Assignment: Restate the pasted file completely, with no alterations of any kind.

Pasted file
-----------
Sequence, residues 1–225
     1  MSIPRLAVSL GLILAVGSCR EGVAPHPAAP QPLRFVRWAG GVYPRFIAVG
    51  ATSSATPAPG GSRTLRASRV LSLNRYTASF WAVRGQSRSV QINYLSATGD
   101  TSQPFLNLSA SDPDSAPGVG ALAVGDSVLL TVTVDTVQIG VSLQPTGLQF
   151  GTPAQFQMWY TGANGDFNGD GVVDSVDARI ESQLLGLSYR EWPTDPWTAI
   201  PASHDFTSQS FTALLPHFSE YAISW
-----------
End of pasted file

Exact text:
Sequence, residues 1–225
     1  MSIPRLAVSL GLILAVGSCR EGVAPHPAAP QPLRFVRWAG GVYPRFIAVG
    51  ATSSATPAPG GSRTLRASRV LSLNRYTASF WAVRGQSRSV QINYLSATGD
   101  TSQPFLNLSA SDPDSAPGVG ALAVGDSVLL TVTVDTVQIG VSLQPTGLQF
   151  GTPAQFQMWY TGANGDFNGD GVVDSVDARI ESQLLGLSYR EWPTDPWTAI
   201  PASHDFTSQS FTALLPHFSE YAISW